“Prince of Darkness” is about one day in the life of a corpulent, cynical, unambitious priest named Ernest Burner. Far from an example of spiritual piety, Father Burner embraces the secular world: he meets with an insurance salesman named Thomas Nash Tracy (T.N.T., an acronym that Father Burner attaches to his own assessment of Tracy as a B.C.L. – a Big Catholic Layman) to discuss the purchase of a life insurance policy, skips out on his rounds to visit the sick so that he can take flying lessons, indulges in hamburgers and a bottle of beer at a local diner, putts golf balls into a hole fashioned out of his roman collar, and jettisons the butt of a cigarette in the church’s holy water font. Burner is fodder for much comedy, especially regarding his weight, which is excessive. He is known as “the circular priest” because a journal to which he once submitted an article misprinted the word “secular” as “circular,” a telling error in Powers’ story of squelched piety, and gets ribbed by his own Dean when a young girl approaching confirmation pays the priests a visit:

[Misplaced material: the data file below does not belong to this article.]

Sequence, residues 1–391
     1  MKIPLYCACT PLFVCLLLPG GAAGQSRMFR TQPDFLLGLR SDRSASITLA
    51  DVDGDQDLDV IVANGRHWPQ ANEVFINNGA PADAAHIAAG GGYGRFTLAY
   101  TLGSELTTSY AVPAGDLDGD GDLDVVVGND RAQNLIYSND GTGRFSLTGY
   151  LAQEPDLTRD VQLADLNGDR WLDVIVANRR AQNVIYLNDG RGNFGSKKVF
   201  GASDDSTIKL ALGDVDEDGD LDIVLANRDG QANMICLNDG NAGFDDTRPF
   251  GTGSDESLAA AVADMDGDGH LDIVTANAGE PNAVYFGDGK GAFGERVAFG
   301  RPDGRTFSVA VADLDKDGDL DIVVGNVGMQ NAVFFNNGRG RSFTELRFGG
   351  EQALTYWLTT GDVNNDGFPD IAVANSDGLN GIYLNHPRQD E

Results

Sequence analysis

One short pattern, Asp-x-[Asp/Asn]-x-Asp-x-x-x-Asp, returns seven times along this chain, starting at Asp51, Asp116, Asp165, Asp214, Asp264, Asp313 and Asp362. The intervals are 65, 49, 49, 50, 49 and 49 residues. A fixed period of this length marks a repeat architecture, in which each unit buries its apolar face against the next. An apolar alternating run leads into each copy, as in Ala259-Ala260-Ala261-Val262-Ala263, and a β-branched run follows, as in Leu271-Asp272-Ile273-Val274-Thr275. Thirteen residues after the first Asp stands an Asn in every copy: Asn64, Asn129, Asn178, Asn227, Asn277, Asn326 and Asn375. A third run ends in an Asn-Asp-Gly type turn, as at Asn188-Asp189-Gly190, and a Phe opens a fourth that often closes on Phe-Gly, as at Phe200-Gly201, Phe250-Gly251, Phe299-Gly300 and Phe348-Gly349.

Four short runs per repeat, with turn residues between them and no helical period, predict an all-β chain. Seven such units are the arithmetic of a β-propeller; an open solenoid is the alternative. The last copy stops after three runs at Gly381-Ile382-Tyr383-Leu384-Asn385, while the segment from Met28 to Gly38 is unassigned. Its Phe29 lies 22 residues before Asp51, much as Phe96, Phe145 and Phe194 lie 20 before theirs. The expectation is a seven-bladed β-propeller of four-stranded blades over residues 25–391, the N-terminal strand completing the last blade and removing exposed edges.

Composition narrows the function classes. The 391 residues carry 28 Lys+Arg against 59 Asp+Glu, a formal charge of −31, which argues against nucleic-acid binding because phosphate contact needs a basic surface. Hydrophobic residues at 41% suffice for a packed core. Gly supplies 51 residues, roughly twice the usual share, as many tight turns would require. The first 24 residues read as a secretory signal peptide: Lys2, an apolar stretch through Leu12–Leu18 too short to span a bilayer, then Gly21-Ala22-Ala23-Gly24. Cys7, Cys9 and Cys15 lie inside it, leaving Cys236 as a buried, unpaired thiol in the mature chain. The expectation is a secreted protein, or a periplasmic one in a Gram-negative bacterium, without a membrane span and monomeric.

Then tell me, young lady, what are the seven capital sins? Pride, Covetousness … Lust, Anger. Uh. The child’s mother, one of those tough Irish females built like a robin, worried to death, lips silently forming the other sins for her daughter. Go ahead, dear. Envy. Proceed, child. Yes, Monsignor. Uh … Sloth. To be sure. That’s six. One more. And … uh. Fear of the Lord, perhaps? Meekness? Hey, Monsignor, ain’t them the Divine Counsels! The Dean, smiling, looking at Father Burner’s plate, covered with chicken bones, at his stomach, fighting the vest, and for a second into the child’s eyes, slipping her the seventh sin. Gluttony, Monsignor!